Mending the broken relationship with nature: tackling the link between biodiversity, ecosystems, health and climate change after COVID-19 – World

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This guidance note highlights how human health is directly linked to the state of biodiversity and climate change in the Asia-Pacific region. Improving human health and mitigating future health disasters require simultaneously addressing these causal factors in an integrated manner.

The SARS-CoV-2 coronavirus (COVID-19) is a zoonotic disease, transmitted from animals to humans. Zoonotic diseases are caused by many environmental factors that improve the interface between wild animals, pets and humans. Before the COVID-19 outbreak, the region’s environmental health was already under enormous pressure. The COVID-19 pandemic is therefore a call to urgently restore and reconnect a lasting relationship between nature and human societies.

This poses the following questions:

  • What environmental issues pose threats to human health and how are the environment and human health related?
  • What approaches can be used to understand these interactions?
  • What are the concrete political actions that can be implemented to repair the broken relationship between human societies and the environment and at the same time face the global crises of biodiversity, climate and health?

Generating knowledge is essential to bring about change that emphasizes moving away from current development trajectories characterized by biodiversity loss and ecosystem degradation, unsustainable production and consumption patterns, pollution and climate change. A framework to address the link between the health of the natural world and human health within the limits of what nature can provide, in line with the 2030 Agenda for Sustainable Development, is imperative.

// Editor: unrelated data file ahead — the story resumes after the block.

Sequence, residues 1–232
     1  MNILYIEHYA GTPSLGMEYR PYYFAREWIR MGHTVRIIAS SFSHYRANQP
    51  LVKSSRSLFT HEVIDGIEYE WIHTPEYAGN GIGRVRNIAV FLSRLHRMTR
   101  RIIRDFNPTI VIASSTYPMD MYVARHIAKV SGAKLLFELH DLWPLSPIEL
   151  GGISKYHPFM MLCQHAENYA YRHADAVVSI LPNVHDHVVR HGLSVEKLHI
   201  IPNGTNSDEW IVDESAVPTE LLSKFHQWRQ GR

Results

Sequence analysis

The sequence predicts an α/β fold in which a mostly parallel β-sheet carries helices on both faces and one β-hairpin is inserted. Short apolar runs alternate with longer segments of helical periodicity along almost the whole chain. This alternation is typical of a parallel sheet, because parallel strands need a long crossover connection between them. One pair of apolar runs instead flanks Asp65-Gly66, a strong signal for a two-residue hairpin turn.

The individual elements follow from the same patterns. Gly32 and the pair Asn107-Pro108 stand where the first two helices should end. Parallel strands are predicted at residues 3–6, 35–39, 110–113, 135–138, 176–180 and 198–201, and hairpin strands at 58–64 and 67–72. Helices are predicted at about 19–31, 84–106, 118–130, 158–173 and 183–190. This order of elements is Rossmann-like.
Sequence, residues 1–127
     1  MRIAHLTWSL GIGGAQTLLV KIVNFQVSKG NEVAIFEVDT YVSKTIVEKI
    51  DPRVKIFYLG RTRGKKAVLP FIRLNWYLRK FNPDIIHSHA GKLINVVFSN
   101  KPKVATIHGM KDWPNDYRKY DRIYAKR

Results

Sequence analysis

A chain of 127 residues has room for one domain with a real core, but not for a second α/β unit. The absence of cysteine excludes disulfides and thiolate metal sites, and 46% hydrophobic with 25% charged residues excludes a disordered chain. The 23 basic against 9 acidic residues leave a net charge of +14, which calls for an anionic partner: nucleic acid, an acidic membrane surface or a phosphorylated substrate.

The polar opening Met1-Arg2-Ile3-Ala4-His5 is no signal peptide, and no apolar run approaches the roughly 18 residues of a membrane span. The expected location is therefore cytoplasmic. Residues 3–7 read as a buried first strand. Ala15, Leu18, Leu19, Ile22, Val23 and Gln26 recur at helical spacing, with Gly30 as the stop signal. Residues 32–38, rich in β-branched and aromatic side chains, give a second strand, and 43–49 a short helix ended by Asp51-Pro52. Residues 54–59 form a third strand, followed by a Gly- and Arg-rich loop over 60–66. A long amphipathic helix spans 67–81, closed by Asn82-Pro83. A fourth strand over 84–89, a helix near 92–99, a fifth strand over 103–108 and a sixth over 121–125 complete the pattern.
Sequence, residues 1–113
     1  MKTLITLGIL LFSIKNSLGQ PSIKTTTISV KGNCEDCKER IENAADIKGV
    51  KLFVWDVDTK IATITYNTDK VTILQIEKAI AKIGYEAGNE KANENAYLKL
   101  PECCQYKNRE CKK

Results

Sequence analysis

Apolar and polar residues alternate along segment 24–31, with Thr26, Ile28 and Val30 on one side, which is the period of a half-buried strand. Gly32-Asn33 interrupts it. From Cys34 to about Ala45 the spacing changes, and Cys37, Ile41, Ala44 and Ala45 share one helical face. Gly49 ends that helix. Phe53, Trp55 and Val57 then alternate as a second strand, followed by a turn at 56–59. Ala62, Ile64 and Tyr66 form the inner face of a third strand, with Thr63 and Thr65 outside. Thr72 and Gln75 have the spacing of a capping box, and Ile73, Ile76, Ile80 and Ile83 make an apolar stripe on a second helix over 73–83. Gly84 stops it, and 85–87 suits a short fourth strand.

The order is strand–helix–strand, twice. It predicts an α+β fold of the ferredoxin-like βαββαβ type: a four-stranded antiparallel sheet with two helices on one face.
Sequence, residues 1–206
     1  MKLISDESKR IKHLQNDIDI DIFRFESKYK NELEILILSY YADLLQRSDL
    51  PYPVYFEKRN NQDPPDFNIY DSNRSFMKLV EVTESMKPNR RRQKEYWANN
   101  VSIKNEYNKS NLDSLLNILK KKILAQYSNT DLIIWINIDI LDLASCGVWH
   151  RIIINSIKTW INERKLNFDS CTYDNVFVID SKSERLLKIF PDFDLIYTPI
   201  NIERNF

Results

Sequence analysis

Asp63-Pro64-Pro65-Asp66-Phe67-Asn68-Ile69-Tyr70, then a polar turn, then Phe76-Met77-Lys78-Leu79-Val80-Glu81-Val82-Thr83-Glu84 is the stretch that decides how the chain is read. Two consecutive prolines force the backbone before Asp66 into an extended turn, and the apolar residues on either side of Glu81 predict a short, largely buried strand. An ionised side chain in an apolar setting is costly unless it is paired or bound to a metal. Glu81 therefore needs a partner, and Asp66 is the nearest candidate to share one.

A combination of institutional weaknesses, structural economic weaknesses and behavioral weaknesses in the way we manage our environment has led to the degradation of environmental health in the region and is linked to the environmental drivers of zoonoses:

  • Institutional weaknesses reflect weak governance and institutional capacities. They include a lack of political commitment, despite the scientific data available, to address critical environmental issues such as biodiversity and climate crises, and siled approaches to managing environmental and human health.
  • Structural weaknesses, resulting from the prevalence of an unsustainable economic paradigm, include land use change, unsustainable urbanization, all types of pollution and issues of environmental awareness by sectors. economic, financial and commercial.
  • Behavioral weaknesses are linked to unsustainable lifestyles and consumption patterns. They encompass illegal wildlife hunting, trade and increased international exports of live animals, unsustainable agro-food systems and the unsustainable impacts of population growth.

With a framework addressing these linkages, specific institutional, structural, economic and behavioral change solutions are proposed to ensure that environmental health and human health are protected, and offer perspectives on how to simultaneously address the causal factors of zoonoses. in an integrated manner, focusing on the link between biodiversity, ecosystems, human health and climate change.

Key institutional solutions include the adoption of a regional program that would bring together all relevant actors, strengthen environmental laws and regulations and their enforcement, and improve monitoring capacity, with an emphasis on tackling environmental crises. biodiversity and climate. Structural Economic Solutions examine how to make land management and urbanization more sustainable, reduce and manage pollution appropriately, and how placing nature in the economic paradigm can improve human and environmental health. Finally, behavior change solutions focus on better management of wildlife and wildlife trade, promotion of sustainable agrifood systems, and overall sustainable consumption and production.


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